We thrive in working using participatory practice for example critical participatory action research methodologies, our current role is to develop collective organisational structures, where decision making processes are open and transparent, where power and privilege are questions and challenged with mutual understanding. For more than 14 years we used critical participatory action research mythologies to work with communities who are marginalised and suffering discrimination. In order to make sure community voices heard from our own narrative and perspectives. We believe it’s important to engage and own our stories where it gives people the power to set the agenda in order to make real change. We collectively researched our lived experiences.l with our communities and published People’s Knowledge…Escaping the White-walled Labyrinth and Unwritten Tales of the Tongue and Becoming A Londoner.
urban planner, researcher, community advocate and policy adviser PhD in Sociology, Central European University
In many cities across Europe, community-led urban development projects, offer inclusive housing arrangements, provide social services and environmental solutions or organise innovation ecosystems and solidarity economy networks are pursued by citizen initiatives, helped by territorially organised governance networks. These networks help initiatives join forces and develop mechanisms that enable the connection of stakeholders, the shared management of knowledge, as well as the coordinated distribution of resources. How can mapping local actors and skills help in creating these mechanisms? The proposed intervention brings together pioneering practices of building citizen innovation ecosystems and networks of governance in different regions of Europe.
director of Kultura Nova Foundation, ENACT Board member
Director of Kultura Nova Foundation, public foundation dedicated to civil society organizations in contemporary arts and culture in Croatia. She graduated in Comparative Literature and Indian Studies and earned a PhD in 2012 from the University of Zagreb’s Faculty of Humanities and Social Sciences. For more than fifteen years of her professional engagement in culture, she worked as a manager, editor, journalist and researcher. Her professional trajectory was built on numerous collaborations with institutions on local, national and international levels. The academic aspect of her professional engagement has been developing through regular publishing and editing of both scientific and expert books, papers and articles on contemporary cultural practices, as well as through delivering of lectures and presentations at various discursive events.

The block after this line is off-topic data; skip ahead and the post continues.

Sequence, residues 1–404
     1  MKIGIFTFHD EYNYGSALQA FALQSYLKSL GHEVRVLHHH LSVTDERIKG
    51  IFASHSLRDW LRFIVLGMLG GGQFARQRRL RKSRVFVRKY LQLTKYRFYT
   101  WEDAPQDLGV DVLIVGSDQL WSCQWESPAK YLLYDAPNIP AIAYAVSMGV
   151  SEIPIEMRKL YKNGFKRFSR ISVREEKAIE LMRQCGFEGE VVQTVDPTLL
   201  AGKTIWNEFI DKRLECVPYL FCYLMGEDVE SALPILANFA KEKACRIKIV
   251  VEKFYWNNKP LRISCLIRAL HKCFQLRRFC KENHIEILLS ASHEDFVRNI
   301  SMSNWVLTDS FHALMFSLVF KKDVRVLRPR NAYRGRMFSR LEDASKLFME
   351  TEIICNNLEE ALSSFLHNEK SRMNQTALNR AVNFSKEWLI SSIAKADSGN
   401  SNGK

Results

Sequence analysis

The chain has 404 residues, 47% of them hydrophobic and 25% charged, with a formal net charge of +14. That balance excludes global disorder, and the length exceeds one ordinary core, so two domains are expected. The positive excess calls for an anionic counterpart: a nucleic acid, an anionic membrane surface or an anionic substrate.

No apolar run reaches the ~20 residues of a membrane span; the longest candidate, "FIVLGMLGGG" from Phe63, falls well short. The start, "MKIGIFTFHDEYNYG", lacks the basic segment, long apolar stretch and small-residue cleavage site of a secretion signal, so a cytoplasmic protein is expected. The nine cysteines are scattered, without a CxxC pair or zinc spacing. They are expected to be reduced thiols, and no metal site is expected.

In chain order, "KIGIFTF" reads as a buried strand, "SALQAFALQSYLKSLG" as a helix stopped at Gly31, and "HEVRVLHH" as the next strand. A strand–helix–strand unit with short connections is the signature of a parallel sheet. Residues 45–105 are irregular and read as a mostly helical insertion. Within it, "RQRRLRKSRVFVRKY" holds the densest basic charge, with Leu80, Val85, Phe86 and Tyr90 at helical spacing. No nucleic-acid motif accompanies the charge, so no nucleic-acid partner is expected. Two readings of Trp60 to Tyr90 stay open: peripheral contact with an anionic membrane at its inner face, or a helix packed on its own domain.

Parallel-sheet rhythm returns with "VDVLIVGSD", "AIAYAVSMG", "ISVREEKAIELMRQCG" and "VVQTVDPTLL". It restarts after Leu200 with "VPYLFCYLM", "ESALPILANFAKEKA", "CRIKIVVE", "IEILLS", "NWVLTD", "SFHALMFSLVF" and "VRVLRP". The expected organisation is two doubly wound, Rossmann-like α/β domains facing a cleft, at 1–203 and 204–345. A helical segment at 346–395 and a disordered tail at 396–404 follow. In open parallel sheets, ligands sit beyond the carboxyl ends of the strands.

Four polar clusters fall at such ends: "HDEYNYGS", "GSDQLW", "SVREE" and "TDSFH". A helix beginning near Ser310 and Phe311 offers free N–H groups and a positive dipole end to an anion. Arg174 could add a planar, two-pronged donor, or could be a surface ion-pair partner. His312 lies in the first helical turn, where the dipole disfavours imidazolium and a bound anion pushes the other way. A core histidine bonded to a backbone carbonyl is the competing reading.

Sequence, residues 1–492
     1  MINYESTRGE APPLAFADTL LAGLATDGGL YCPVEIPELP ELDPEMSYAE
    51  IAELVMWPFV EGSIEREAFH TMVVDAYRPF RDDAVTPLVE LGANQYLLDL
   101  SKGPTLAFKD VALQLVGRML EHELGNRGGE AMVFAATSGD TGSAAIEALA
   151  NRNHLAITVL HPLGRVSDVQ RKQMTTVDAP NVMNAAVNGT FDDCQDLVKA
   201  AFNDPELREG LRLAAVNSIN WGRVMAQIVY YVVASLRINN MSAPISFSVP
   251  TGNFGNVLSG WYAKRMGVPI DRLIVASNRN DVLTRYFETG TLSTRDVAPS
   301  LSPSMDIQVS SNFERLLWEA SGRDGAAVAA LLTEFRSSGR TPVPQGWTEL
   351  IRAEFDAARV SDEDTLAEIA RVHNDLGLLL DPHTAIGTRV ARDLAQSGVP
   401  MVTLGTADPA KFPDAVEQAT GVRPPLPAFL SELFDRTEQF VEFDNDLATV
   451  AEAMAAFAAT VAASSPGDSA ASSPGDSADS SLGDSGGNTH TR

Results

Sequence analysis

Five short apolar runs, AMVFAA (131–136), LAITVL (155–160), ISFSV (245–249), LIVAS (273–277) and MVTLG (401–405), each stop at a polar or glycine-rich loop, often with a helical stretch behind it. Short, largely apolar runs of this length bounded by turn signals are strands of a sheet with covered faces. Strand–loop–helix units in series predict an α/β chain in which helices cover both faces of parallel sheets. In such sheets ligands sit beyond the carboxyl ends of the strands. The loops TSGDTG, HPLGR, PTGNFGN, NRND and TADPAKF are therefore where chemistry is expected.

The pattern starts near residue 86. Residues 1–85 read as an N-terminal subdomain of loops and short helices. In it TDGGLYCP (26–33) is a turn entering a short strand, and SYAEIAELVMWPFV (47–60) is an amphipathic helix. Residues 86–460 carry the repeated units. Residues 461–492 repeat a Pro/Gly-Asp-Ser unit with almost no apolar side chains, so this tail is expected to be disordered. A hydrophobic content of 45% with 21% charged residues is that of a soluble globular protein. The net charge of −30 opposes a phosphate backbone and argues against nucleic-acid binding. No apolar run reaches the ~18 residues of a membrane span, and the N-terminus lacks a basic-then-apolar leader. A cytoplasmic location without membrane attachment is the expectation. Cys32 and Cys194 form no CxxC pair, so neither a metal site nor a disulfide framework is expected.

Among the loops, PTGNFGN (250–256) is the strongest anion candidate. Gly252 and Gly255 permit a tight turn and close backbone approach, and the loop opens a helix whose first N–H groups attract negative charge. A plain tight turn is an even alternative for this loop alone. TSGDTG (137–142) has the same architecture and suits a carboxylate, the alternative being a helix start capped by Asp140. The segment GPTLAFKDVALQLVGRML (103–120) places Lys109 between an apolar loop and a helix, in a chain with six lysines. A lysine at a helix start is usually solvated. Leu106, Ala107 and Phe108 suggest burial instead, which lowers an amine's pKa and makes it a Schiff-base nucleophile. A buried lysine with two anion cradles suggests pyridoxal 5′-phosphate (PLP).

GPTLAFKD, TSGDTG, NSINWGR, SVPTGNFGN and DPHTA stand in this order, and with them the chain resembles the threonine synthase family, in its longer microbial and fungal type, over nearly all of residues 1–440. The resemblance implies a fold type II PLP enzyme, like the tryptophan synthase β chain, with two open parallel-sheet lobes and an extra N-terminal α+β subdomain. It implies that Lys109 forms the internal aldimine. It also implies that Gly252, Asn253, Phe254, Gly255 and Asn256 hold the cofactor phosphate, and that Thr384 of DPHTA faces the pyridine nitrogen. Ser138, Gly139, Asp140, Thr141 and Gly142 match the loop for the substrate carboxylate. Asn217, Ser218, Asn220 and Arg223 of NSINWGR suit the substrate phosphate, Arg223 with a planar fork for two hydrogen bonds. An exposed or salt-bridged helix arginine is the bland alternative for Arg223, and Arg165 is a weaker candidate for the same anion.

Miguel Jaenicke Fontao Getxo
PhD in Architecture at the ETSAM, UPM in 2015. Degree in Philosophy at the UNED University in 2014. Master of Planning and Sustainable Territorial Development by the Faculty of Geography of the UAM in 2010
He is founding partner of estudio [SIC] a widely awarded and recognized architectural firm. He is co-creator of [VIC] Vivero de Iniciativas Ciudadanas, an open and collaborative project of urban research, oriented to disseminate, analyze and support citizen initiatives and critical processes with the aim of promoting innovation and urban empowerment through transfers of social innovation to the public space. Also develops CIVICs, an open interactive digital mapping tool which gather and display social and citizen innovation globally.